Thursday Night Movie Club
The Hobbit: The Battle of the Five Armies
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Release Date: 17 December 2014

Director: Peter Jackson
Ian McKellen
Martin Freeman
Richard Armitage
Ken Stott
Graham McTavish
William Kircher
James Nesbitt
Stephen Hunter
Dean O'Gorman
Aidan Turner
John Callen
Peter Hambleton
Jed Brophy
Mark Hadlow
Adam Brown
Orlando Bloom
Evangeline Lilly
Lee Pace
Cate Blanchett
Hugo Weaving
Christopher Lee
Ian Holm
Sylvester McCoy
Luke Evans
Manu Bennett
John Tui
Benedict Cumberbatch
Bilbo Baggins
Old Bilbo
Smaug / Necromancer
The Hobbit: The Battle of the Five Armies movie poster The Hobbit: The Battle of the Five Armies movie poster The Hobbit: The Battle of the Five Armies movie poster
Smaug attacks Lake-Town in The Hobbit: The Battle of the Five ArmiesThe is something missing in director Peter Jackson's The Hobbit: The Battle of the Five Armies. After a great opening sequence involving dragon Smaug's attack on Lake-town and the resulting carnage, the remainder of the film becomes one extended battle sequence. There is very little human element in the final film about Middle Earth.

Lake-town is in ruins. The surviving men, women and children have no choice but to make the trecherous trek to the ruins of Dale in the shadow of the Lonely Mountain. Afterall, Thorin Oakenshield promised to help the townspeople in any way he can after their generosity towards them.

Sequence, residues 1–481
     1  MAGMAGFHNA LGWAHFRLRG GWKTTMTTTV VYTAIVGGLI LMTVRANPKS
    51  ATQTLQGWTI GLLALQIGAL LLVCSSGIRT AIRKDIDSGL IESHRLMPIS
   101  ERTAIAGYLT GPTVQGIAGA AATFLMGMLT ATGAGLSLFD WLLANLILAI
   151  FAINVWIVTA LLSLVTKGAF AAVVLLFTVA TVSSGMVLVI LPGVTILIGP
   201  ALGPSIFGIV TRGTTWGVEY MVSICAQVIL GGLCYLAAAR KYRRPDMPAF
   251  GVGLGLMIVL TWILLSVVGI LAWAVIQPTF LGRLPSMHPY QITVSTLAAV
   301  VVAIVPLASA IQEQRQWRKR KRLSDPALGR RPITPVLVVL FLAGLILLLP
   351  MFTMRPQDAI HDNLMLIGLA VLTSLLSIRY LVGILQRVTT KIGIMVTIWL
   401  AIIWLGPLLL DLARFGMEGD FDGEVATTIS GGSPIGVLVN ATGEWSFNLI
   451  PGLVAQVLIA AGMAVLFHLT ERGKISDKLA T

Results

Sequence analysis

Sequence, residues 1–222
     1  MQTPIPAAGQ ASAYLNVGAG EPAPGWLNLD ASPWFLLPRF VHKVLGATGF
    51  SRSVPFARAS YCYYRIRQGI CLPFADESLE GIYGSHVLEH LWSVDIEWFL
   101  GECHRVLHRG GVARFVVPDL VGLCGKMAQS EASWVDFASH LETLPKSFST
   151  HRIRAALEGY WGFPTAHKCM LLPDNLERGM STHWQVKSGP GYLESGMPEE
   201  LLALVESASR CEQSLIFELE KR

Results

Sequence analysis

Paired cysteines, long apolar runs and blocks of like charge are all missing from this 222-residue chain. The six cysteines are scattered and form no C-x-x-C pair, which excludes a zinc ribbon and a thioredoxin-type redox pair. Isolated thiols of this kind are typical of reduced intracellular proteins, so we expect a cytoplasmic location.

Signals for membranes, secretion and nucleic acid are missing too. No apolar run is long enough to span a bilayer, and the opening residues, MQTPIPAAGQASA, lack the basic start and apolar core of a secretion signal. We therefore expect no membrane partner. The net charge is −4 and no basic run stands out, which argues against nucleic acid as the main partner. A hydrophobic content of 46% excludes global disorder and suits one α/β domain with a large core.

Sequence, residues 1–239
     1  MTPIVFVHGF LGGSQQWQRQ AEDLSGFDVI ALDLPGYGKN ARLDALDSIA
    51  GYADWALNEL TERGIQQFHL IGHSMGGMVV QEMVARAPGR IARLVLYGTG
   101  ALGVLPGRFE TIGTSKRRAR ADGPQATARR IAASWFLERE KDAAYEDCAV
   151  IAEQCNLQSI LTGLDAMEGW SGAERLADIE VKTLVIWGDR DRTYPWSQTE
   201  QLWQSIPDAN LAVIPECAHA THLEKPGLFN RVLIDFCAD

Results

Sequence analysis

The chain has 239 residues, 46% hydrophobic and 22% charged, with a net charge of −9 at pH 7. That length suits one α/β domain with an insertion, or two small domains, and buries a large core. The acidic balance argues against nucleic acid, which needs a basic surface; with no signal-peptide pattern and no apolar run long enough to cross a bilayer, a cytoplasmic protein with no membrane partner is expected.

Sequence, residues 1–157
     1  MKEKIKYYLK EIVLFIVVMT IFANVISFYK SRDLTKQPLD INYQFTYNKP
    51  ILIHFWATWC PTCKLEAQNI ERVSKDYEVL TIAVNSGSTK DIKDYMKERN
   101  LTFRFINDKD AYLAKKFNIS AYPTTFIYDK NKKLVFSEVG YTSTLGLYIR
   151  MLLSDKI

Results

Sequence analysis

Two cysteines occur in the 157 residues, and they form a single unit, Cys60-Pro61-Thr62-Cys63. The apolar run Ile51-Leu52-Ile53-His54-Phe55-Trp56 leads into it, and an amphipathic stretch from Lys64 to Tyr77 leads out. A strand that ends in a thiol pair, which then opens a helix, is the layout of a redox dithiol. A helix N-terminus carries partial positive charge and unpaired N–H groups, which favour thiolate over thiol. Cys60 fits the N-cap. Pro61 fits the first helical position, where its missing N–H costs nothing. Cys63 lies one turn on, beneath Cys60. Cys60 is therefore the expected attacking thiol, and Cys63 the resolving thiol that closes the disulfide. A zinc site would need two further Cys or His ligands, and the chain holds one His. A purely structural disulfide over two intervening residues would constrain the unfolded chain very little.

Richard Armitage as Thorin Oakenshield in The Hobbit: The Battle of the Five ArmiesMeanwhile, Thorin Oakenshield (Richard Armitage) is being consumed by "dragon-lust". He cannot become the rightful King Under the Mountain without possessing the Arkenstone. Thorin has all of the dwarves searching high and low for the jewel, oblivious to the events unfolding around him.

Bard (Luke Evans) rides to the Lonely Mountain to ask Thorin for help. As his madness grows, Thorin refuses, reneging on his promise. The dwarves are stunned but they are still bound by honor to follow their king.

The story becomes more complicated when Elvish King Thranduil (Lee Pace) learns of the death of Smaug. He is under his own lust for treasure. Thranduil brings his army to the Lonely Mountain with the goal of retreiving some precious white gems, and any other treasure he may lay his hands on.

The Hobbit: The Battle of the Five ArmiesOrc King Azog (Manu Bennett) is bent on destroying Thorin once and for all and overtaking the Lonely Mountain for his own. He has allied himself with another Orc army from the North and both Orc armies will easily overthrow the hapless dwarves.

The next day, the armies of Men and Elves arrive at Erebor for one last attempt to sway Thorin or else there will be all-out war. Thorin's cousing Dain Ironfoot (Billy Connolly) arrives with his dwarf army to help Thorin rebuild his kingdom. He is none too thrilled about the Elves readying to attack.

Ian McKellan as Gandalf the Gray in The Hobbit: The Battle of the Five ArmiesOnly wizard Gandalf the Gray (Ian McKellan) knows what is truly going on. Besides the untold riches hidden beneath, the mountain is a strategic location for the growing darkness of Sauron. Control of the mountain is control over the northern lands of Middle Earth.